Post-disaster toolkit for construction

The World Green Building Council (WorldGBC) has launched a framework that it says will help communities build with a holistic, inclusive and resilient approach to reconstruction in regions experiencing natural disasters and conflict, especially across the Southern and Eastern Mediterranean.

The ‘Sustainable Reconstruction & Recovery Framework’ is structured around six themes which emphasise that disaster risk reduction, and the sustainable urban reconstruction of the physical environment, can restore the wellbeing of communities, revitalise livelihoods, and support social and cultural life.

Along with the WorldGBC, the report has been put together by the European Bank for Reconstruction & Development (EBRD), UN Habitat, and Green Building Councils in Egypt, Jordan, Lebanon and Palestine.

Cristina Gamboa, CEO, World Green Building Council, said, “As we build momentum to the UN Climate Conference COP27, the priority must be on facilitating knowledge for an equitable transition to sustainable, low-carbon infrastructure solutions that bolster resilience for all communities and economies.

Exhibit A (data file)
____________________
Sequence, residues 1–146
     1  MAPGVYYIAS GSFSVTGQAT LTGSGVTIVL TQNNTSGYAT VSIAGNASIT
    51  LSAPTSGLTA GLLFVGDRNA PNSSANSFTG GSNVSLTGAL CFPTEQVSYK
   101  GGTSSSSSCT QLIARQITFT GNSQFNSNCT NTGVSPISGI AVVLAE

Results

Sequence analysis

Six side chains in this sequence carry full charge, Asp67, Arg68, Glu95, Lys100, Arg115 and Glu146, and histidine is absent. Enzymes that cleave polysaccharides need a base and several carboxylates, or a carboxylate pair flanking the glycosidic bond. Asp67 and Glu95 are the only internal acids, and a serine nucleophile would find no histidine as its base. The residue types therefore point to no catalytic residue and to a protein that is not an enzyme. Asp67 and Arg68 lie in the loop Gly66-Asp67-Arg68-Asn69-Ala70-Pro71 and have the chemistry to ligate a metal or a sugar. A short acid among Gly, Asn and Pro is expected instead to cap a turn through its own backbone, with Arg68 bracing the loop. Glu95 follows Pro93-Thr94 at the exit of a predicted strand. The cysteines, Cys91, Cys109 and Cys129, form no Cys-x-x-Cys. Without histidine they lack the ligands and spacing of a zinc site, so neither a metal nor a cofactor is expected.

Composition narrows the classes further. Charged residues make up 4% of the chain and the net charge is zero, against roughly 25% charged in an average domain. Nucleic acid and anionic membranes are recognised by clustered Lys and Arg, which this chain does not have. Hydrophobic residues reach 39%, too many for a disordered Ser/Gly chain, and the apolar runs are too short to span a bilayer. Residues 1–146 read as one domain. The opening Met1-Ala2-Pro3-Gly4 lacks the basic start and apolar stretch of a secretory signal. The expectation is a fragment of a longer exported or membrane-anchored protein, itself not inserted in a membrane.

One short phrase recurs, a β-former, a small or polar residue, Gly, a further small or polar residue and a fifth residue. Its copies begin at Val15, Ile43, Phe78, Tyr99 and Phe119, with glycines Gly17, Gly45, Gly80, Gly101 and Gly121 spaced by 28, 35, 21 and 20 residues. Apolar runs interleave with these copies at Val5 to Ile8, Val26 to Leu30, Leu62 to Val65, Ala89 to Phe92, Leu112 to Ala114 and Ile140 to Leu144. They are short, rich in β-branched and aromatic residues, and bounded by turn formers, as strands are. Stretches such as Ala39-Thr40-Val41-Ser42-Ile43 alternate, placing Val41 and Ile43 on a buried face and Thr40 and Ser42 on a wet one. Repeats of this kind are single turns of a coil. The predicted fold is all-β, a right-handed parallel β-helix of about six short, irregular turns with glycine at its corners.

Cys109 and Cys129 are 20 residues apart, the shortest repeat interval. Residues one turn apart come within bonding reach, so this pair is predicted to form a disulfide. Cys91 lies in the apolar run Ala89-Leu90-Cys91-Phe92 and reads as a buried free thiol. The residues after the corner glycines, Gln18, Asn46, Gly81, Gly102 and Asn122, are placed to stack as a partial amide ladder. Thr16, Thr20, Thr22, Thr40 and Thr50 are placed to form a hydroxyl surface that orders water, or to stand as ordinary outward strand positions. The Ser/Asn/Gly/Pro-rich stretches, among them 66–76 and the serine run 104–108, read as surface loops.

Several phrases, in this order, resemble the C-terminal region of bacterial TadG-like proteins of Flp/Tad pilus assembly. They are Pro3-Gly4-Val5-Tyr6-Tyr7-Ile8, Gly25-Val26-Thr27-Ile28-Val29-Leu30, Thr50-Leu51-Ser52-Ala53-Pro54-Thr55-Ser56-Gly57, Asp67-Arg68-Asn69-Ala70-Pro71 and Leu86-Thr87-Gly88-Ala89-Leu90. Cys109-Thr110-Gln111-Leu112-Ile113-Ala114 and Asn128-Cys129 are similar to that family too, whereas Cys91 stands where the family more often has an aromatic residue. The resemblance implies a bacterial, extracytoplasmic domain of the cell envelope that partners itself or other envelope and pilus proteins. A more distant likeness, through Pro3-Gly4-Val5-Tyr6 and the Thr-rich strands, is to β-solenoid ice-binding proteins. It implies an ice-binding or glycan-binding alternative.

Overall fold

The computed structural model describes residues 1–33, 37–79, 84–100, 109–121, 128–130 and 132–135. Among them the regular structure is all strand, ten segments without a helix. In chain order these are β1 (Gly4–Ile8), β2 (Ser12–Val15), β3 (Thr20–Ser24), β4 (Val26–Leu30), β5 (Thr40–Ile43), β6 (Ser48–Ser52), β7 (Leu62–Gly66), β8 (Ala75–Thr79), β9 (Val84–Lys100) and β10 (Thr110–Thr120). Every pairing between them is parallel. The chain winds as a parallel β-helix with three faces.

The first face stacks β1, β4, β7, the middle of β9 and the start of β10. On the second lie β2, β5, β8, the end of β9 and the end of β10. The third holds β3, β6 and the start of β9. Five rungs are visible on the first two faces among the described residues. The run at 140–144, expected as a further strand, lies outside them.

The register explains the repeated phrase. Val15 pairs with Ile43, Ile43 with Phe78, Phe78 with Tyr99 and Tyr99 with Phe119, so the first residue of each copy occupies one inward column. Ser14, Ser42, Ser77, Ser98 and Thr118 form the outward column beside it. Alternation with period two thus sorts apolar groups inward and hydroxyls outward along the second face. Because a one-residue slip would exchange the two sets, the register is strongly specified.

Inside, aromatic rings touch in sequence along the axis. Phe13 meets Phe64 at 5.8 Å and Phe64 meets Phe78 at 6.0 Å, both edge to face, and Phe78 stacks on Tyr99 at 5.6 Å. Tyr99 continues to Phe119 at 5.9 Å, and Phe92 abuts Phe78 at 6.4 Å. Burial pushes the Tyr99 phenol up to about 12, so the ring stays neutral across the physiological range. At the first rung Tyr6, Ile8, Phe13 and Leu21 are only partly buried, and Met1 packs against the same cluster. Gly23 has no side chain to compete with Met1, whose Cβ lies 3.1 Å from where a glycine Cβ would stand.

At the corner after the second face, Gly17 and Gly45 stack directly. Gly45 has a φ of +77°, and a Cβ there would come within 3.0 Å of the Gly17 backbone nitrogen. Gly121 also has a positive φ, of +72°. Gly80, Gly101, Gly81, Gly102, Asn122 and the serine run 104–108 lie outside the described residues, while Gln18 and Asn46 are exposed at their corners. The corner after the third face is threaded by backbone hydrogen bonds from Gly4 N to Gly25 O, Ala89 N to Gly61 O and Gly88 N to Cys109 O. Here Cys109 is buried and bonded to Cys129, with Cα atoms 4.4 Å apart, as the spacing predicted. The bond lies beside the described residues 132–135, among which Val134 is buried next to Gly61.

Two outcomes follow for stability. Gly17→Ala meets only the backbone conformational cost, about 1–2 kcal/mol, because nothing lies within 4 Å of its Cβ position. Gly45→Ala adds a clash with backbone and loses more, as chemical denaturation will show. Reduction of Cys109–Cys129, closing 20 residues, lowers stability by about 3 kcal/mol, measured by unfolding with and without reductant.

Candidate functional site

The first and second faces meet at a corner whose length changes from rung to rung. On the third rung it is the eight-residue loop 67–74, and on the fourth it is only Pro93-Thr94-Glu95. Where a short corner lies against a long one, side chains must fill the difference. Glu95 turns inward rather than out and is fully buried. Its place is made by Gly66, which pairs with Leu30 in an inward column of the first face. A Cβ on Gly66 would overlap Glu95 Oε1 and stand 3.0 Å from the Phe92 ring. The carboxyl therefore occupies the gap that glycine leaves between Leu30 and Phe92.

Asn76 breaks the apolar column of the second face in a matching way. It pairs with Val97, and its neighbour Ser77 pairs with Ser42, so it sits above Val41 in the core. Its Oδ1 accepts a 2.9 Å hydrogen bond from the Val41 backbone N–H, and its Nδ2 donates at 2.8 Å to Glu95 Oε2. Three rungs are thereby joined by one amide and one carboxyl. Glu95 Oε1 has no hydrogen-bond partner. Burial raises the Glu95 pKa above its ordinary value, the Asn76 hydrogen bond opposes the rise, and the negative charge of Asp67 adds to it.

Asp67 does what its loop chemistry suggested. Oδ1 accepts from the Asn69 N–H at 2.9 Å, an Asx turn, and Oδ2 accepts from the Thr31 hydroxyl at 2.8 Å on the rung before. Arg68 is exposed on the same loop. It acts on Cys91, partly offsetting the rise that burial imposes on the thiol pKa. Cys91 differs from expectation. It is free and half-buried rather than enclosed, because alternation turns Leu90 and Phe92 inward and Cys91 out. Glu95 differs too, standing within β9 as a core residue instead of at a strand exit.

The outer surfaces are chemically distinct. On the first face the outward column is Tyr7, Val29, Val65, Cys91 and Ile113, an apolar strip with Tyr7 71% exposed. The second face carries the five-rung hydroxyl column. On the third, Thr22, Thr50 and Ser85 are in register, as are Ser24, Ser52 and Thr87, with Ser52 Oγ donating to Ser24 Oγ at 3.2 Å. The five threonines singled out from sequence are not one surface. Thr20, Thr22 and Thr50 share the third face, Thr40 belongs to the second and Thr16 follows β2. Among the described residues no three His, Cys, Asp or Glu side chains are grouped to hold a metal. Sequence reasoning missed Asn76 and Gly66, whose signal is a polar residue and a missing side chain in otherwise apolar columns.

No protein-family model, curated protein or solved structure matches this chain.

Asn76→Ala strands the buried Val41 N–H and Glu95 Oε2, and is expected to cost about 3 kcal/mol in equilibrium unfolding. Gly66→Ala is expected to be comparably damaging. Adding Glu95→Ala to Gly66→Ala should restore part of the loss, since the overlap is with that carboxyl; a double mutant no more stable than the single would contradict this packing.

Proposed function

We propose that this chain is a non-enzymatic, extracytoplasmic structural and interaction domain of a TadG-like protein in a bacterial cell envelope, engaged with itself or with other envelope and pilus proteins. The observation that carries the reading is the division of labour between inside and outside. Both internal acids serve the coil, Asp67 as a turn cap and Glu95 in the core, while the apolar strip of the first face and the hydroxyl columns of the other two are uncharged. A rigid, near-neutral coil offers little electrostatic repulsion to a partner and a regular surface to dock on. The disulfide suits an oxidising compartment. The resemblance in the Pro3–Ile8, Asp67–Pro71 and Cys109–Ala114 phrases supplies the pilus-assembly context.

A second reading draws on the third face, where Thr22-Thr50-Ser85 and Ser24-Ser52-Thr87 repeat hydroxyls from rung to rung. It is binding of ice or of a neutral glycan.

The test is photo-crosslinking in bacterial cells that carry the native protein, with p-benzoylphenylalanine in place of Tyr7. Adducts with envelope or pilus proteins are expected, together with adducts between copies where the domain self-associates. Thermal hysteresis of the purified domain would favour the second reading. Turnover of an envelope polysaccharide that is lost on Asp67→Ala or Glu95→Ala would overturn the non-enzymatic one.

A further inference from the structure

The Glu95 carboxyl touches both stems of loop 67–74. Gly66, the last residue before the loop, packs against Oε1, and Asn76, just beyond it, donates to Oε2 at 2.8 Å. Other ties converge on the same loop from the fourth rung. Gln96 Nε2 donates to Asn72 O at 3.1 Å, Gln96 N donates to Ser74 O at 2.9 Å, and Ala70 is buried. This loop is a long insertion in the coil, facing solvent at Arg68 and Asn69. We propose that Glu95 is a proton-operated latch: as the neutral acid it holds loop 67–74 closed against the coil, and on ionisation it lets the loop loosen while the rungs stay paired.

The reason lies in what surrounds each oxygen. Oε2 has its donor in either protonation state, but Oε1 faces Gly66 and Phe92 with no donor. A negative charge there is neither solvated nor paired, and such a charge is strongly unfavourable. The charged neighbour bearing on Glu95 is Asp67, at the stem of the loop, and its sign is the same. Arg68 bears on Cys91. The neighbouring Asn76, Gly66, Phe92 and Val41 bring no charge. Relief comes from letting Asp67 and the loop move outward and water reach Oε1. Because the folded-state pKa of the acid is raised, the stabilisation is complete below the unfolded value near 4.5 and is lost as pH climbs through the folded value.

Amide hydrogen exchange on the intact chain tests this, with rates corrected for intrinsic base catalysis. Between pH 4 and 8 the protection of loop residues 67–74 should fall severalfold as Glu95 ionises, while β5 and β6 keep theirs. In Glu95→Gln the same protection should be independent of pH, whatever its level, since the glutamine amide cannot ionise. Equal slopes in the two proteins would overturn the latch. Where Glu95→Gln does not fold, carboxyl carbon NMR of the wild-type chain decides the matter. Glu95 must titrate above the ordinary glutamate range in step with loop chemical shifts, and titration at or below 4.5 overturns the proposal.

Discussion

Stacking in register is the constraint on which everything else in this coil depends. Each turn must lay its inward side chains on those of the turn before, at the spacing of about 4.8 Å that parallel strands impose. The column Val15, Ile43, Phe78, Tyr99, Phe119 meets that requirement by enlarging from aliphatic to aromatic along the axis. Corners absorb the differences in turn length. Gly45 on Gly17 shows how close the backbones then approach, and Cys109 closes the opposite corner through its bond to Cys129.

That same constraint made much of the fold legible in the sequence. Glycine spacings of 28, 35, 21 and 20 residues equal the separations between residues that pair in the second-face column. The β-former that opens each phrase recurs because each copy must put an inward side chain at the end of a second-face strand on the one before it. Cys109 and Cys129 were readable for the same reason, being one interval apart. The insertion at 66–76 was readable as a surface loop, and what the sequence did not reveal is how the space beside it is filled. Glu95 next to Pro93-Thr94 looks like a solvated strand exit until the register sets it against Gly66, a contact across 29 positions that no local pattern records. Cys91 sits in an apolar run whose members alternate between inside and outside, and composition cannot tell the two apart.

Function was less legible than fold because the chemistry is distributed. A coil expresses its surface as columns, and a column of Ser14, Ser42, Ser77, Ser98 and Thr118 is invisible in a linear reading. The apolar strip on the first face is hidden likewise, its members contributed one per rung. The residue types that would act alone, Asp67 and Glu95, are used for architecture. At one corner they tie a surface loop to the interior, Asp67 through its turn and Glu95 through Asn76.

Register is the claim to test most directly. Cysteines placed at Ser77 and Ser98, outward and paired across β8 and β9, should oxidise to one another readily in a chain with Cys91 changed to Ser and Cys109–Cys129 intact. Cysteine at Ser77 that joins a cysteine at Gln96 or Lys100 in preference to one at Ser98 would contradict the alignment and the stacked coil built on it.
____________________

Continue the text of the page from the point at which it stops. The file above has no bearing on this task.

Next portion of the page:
“The Sustainable Reconstruction and Recovery Framework is a toolkit for disaster-hit areas that does just that for all the countries located in the Southern and Eastern Mediterranean.”

The Middle East and North Africa region, including the Southern and Eastern Mediterranean (SEMED), is the most water-stressed region in the world, and is heating at twice the rate of the global average. From extreme heat waves, extensive drought periods, flash floods, coastal erosion, and cyclones, the last half-century has seen the area experience an increase in extreme weather events.

Along with climate change, communities are experiencing rapid urbanisation and an increase in civil unrest, conflicts, and infrastructure degradation.

The six themes of the report are: 

1. Efficient resource utilisation

A physical environment that ensures the proper utilisation of resources, continued growth and environmental resilience.

2. Environmental and climate resilience

Promote long-term integrative planning to decrease the communities’ vulnerability and increase its adaptability to the harmful effects of climate change.

3. Sustainable mobility

Ensure freedom of access to all members of society in an environmentally sensitive and healthy manner.

4. Integrative social and economic resilience

Ensure social networks are given equal importance to physical networks, and are rebuilt and supported in the physical environment in ways that facilitate opportunities for economic growth and community resilience.

5. Health and wellbeing

Address both the objective and subjective aspects of community wellbeing, especially post crisis.

6. Heritage

Maintain a strong link to the heritage of an area, representing the historic and cultural richness of the region, which is crucial in ensuring belonging and in turn, wellbeing.

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